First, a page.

Elevated external temperatures during loading followed by severe cooling may be enough to cause sweating in container transport.


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RF Humidity/Moisture

Carpets require particular temperature, humidity/moisture and possibly ventilation conditions (SC VI) (storage climate conditions) .

Designation Humidity/water content Source
Relative humidity 65 - 75% [1]
Water content 17 - 18.25% (wool)

8.5% (cotton)
[1]
Maximum equilibrium moisture content 70% [1]


Carpets are hygroscopic (hygroscopicity). It is thus essential to protect the cargo from moisture. Sweat damage may result in dye migration between the various constituent components.

The product should be stored at a relative humidity of 65 - 75%. Excessively high moisture levels (seawater, rain and condensation water) may cause mustiness, mildew stains and mold growth and encourage insect infestation.

Cotton and wool fibers converted into woven carpets have a high swelling index, caused by their histological microstructure. Cotton may absorb 25 - 27% and wool up to 40% of its own weight of water vapor without feeling damp. This has a significant effect on the physical characteristics of the fibers, such as strength, electrical conductivity, etc..

If carpets are sodden or exposed to moisture for extended periods, rotting processes take place, possibly resulting in lasting damage, which cannot be identified from the outside of the package. Especially in the case of single color carpets, moisture and stack pressure on the soft yarns result in conspicuous shadows.

The flooring of the containers must be absolutely clean and, most particularly, dry. The water content of the flooring must not exceed 12%. Hand-dry flooring may still contain 14% moisture and thus be a source of mold, rot-causing bacteria and other pests. Mildew stains and discoloration may occur on the carpet (14% moisture content of the lumber corresponds to an equilibrium moisture content of 80%, so exceeding the mold growth threshold of 75%).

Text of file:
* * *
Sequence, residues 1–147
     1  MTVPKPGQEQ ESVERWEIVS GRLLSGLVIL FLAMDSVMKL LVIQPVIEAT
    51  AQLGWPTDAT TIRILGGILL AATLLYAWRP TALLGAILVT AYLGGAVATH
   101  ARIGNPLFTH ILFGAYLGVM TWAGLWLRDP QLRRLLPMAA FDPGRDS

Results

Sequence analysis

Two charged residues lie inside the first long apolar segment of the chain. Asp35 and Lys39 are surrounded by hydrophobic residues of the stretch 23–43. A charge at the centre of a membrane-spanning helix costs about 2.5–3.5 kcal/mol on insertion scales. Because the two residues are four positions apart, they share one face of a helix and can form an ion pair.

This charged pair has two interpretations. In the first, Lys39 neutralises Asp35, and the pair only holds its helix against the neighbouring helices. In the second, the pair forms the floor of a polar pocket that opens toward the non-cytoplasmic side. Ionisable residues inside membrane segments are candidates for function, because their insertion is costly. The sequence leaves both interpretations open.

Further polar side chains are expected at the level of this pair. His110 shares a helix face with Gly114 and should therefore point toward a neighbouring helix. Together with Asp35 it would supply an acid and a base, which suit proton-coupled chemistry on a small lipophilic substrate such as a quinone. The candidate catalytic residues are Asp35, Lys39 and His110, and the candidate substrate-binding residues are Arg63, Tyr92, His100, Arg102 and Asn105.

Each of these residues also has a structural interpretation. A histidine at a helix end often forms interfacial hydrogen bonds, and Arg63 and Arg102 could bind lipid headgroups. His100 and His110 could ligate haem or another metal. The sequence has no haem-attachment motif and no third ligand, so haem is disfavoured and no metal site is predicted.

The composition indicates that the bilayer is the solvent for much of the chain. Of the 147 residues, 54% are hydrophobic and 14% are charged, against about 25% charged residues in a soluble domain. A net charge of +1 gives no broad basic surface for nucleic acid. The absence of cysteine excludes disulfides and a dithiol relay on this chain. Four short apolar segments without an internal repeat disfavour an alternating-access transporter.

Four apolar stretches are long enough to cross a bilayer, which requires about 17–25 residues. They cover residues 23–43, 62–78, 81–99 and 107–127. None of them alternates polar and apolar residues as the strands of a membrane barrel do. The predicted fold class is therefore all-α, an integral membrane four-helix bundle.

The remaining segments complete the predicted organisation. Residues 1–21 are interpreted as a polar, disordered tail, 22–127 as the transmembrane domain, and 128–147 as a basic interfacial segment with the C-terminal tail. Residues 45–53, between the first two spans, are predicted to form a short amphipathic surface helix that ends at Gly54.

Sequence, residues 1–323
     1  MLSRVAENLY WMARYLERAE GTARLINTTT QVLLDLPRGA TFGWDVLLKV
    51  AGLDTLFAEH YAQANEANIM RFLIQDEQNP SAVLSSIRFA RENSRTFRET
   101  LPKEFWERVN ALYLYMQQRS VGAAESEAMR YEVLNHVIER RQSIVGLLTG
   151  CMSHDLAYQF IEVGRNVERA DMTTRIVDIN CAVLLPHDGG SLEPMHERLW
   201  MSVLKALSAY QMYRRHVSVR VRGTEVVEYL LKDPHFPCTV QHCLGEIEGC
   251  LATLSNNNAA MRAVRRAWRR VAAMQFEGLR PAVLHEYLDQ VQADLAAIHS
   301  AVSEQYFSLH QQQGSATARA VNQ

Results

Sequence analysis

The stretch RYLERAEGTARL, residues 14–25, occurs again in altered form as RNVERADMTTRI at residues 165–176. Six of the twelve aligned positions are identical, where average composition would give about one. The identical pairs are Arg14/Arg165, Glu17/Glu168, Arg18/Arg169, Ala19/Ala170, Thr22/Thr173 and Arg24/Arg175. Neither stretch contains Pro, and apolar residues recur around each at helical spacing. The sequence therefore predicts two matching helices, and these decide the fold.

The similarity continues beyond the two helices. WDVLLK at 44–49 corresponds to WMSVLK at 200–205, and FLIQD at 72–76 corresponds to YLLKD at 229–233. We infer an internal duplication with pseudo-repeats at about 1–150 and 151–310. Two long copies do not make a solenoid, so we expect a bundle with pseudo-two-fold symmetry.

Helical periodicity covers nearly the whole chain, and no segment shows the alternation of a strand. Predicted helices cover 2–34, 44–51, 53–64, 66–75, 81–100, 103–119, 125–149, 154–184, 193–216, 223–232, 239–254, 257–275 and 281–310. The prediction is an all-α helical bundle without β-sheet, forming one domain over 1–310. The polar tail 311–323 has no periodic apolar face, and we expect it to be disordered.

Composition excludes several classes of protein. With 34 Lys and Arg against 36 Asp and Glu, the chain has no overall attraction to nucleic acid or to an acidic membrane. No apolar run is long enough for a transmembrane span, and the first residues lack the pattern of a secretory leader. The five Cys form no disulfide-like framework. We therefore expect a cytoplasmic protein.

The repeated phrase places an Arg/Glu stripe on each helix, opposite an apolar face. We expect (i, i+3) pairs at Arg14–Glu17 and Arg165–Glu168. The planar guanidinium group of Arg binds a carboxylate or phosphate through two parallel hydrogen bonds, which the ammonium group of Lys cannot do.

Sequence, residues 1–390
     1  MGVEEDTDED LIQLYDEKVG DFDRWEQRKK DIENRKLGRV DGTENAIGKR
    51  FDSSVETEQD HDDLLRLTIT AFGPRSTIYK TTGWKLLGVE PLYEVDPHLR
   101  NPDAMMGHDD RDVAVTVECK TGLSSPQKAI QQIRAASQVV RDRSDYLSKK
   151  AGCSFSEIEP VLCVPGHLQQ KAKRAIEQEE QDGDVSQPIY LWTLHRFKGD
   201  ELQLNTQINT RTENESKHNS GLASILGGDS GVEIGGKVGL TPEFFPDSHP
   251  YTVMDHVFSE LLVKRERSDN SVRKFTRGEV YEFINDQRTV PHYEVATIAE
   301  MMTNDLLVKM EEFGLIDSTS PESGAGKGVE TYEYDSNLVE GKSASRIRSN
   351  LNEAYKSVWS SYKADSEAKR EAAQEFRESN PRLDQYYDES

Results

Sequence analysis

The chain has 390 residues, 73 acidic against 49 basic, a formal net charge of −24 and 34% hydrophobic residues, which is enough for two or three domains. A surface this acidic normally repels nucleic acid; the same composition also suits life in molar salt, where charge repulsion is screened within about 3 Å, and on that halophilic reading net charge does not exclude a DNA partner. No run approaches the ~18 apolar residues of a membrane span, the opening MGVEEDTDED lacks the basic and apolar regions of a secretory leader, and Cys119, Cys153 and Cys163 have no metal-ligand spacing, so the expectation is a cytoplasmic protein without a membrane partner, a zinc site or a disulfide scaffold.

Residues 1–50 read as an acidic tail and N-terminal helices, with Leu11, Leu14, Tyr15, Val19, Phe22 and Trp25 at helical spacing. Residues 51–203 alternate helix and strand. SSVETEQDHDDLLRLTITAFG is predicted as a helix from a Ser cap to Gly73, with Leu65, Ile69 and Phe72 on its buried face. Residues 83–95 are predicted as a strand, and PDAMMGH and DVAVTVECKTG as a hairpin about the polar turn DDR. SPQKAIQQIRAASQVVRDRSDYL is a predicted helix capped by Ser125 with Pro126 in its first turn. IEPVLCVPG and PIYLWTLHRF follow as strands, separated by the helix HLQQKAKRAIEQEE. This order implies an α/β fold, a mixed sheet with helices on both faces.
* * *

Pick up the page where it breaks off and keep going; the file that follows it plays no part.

If contact with chloride solutions, e.g. seawater, is suspected, a seawater test using the silver nitrate method must be performed.


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RF Ventilation

Carpets require particular temperature, humidity/moisture and possibly ventilation conditions (SC VI) (storage climate conditions) .

Recommended ventilation conditions: air exchange rate: 6 changes/hour (airing), if the dew point of the external air is lower than the dew point of the hold air.


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RF Biotic activity

This risk factor has no significant influence on the transport of this product.


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RF Gases

This risk factor has no significant influence on the transport of this product.


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RF Self-heating / Spontaneous combustion

Due to the structure of the processed natural and manmade fiber materials, the dense fiber pile, the packaging materials and the carpet backing material, carpets are readily combustible. Smoking must therefore be strictly prohibited. Preferably, CO2 is to be used to extinguish fires.


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RF Odor

Active behavior Carpets are usually treated with chemical mothproofing agents and packaged in tar paper, so they may release a slightly unpleasant odor.
Passive behavior The dense pile surface of carpets means that unpleasant foreign odors may readily be absorbed, possibly resulting in depreciation.



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RF Contamination

Active behavior Carpets are a very clean cargo.
Passive behavior The holds/containers must be kept absolutely clean. Most particularly, protection must be provided from rust and wetting (drinking water, urine) and from foreign matter (dust, dirt, wood splinters, metal chips, chemicals etc.). Salts may cause dye migration and color changes; therefore, if contact with chloride solutions, e.g. seawater, is suspected, a seawater test using the silver nitrate method must be performed



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RF Mechanical influences

Carpets must be checked for intactness. The use of hooks or plate hooks must be absolutely prohibited. A carpet carrying mandrel should be used for handling rolled  carpets.

Excessive stack pressure causes in irreversible shadows (especially on single color carpets), resulting in severe depreciation.

Long rolls must be laid flat on a smooth surface in order to avoid any distortion.


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RF Toxicity / Hazards to health

This risk factor has no significant influence on the transport of this product.


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RF Shrinkage / Shortage / Theft

The product is highly valuable and is thus particularly at risk from theft. Containers must stowed with the doors of adjacent containers facing towards each other.


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RF Insect infestation / Diseases

Carpets may be infested by the larvae of the carpet beetle (Anthrenus scrophulariae) during storage and transport.

If excessively damp, carpets very rapidly fall victim to molds and rot-causing bacteria, for example if container flooring is excessively moist (elevated equilibrium moisture content in the container).